Emily Campbell Quoted in Bloomberg BNA’s Patent, Trademark & Copyright Journal on Trademarks and Likelihood of Confusion
On August 7, Bloomberg BNA covered DC Comics v. Gotham City Networking, Inc., T.T.A.B., No. 91194716, 7/17/15. The case involves a trademark application filed by Gotham City Networking Inc. for “Gotham Batmen” with a stylized bat-like logo to be used in networking referral services and “entertainment in the nature of amateur softball games.” According to Bloomberg, “DC Comics, which owns the rights to Batman and numerous trademarks related to the superhero, opposed the registration on dilution and likelihood of confusion grounds.” The Trademark Trial and Appeal Board ruled on July 17, that the use of the name “Gotham Batmen” was likely to cause confusion with a number of different marks owned by DC Comics.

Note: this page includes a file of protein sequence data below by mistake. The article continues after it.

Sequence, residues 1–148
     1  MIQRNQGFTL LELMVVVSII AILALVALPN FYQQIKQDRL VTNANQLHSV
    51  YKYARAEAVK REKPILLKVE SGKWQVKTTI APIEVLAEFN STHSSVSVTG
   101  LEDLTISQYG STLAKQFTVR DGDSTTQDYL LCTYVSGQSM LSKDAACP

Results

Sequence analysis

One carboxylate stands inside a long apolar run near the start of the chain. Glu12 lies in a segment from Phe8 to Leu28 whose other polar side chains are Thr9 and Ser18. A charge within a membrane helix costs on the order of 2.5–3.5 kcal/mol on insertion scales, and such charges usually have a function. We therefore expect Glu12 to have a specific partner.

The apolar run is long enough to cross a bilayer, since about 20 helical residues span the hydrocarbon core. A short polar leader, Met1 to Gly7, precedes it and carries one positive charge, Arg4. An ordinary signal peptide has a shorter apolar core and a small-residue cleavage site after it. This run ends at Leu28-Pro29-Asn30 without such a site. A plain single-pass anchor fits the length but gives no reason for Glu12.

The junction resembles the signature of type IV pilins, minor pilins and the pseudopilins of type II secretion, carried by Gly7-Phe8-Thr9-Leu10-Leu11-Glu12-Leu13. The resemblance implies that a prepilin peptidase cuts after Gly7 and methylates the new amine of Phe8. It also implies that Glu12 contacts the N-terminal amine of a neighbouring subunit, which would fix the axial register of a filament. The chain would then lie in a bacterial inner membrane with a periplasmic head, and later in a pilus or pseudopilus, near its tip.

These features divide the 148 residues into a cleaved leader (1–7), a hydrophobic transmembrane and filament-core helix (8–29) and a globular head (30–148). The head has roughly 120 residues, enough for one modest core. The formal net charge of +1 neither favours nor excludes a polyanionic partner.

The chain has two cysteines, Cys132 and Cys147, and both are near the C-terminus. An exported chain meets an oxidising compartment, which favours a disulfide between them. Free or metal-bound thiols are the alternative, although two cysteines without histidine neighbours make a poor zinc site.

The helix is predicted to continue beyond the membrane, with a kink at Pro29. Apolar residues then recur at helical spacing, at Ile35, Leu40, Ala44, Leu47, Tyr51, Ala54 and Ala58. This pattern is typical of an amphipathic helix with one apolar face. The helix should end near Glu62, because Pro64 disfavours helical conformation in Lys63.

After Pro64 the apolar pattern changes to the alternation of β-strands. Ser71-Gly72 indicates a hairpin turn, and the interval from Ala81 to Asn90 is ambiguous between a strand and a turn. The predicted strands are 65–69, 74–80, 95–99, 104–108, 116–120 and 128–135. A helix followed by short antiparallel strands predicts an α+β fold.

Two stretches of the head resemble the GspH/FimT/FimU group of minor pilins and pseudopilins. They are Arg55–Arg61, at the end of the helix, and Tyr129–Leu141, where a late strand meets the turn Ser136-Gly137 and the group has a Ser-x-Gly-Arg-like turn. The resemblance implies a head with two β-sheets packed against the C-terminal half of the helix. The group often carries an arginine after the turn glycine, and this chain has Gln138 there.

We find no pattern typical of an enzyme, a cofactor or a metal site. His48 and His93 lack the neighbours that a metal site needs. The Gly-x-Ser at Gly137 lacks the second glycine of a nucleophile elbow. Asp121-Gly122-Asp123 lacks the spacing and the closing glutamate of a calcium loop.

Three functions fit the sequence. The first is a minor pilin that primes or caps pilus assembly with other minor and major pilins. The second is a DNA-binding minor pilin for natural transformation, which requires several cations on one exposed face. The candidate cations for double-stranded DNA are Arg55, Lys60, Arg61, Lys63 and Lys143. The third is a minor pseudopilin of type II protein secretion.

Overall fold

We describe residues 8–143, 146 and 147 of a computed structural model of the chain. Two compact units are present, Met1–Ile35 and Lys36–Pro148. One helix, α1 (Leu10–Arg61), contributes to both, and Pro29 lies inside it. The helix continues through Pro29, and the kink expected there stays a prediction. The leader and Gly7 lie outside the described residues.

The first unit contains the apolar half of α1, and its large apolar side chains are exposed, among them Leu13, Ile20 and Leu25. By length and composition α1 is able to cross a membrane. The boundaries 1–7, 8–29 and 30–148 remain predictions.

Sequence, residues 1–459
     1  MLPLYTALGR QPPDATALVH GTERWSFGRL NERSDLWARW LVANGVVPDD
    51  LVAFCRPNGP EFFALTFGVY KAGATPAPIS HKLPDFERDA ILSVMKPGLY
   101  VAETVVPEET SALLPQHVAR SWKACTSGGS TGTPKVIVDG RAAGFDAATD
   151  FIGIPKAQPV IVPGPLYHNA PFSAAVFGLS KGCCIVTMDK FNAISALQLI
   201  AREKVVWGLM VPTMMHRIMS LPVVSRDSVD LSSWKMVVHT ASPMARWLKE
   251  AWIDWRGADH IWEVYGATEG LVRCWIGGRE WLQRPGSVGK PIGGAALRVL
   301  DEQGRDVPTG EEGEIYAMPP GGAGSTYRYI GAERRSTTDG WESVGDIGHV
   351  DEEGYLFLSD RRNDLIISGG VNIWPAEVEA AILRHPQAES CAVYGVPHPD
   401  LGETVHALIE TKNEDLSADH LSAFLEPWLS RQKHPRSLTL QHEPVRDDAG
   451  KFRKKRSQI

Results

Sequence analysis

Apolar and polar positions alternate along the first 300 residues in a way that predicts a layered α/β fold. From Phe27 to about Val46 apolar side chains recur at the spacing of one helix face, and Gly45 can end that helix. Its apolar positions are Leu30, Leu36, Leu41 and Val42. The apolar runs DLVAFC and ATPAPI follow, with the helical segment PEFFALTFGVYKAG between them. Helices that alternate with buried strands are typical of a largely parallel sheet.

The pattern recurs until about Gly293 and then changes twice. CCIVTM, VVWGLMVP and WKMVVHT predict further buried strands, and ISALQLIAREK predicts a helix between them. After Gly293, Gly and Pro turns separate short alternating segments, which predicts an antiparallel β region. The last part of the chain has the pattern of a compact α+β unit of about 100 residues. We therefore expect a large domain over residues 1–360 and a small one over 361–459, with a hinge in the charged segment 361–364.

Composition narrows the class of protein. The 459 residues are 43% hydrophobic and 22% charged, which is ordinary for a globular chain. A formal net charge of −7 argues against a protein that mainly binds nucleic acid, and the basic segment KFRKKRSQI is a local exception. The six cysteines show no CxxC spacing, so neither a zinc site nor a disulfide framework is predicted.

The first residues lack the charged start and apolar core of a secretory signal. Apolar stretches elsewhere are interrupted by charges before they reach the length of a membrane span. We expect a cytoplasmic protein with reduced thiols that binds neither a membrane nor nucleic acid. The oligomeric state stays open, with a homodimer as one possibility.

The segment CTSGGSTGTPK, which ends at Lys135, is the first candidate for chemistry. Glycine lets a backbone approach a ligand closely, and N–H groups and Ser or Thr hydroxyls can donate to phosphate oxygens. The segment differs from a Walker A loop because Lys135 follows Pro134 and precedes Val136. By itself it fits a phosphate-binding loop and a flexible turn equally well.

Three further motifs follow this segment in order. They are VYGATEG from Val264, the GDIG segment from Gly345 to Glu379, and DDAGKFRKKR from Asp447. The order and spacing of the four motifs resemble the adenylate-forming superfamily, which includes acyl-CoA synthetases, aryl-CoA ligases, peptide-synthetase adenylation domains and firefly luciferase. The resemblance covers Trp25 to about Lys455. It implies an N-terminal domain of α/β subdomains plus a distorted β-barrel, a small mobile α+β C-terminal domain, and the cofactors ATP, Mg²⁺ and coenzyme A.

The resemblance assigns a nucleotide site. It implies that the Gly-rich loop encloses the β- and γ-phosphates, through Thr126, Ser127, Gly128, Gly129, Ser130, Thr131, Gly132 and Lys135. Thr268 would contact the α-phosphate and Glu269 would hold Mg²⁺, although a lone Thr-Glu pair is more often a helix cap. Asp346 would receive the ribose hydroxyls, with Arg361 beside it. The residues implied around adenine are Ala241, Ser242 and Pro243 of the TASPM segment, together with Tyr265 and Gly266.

Administrative Judge Jyll Taylor provided a dissenting opinion, noting that DC Comics had failed to establish that “Batman” was a famous mark, having not proven the connection between DC and Warner Bros. Studies. According to BloombergBNA, “[t]he majority had found “Batman” to be famous, largely because of the films.
Gotham City argued that its trademark constituted a parody. Dunlap Codding Shareholder Emily Campbell was quoted as saying that “for a parody defense to succeed in trademark law, the parodist has to walk a “fine line” between resembling the parodied mark and making a point…. [A] poster of a pregnant woman wearing a Girl Scout uniform with the Scouts’ slogan “Be Prepared” written underneath qualified as an example of an outrageous joke that worked as a trademark parody.” She explained that the “Batman” – “bat men” softball joke was not nearly as obvious and therefore did not bode well for Gotham City’s chances that its mark was a parody and would not cause confusion.
Campbell also said that Judge Taylor’s concerns were valid, and the majority’s famous mark analysis could be an issue on appeal. “The dissent is interesting because there does seem to be a hole in the evidence. The majority filled in the blanks to come to the conclusion that we all recognize the Batman name, but I think to adhere to the law [the board needed to make a fuller analysis.]”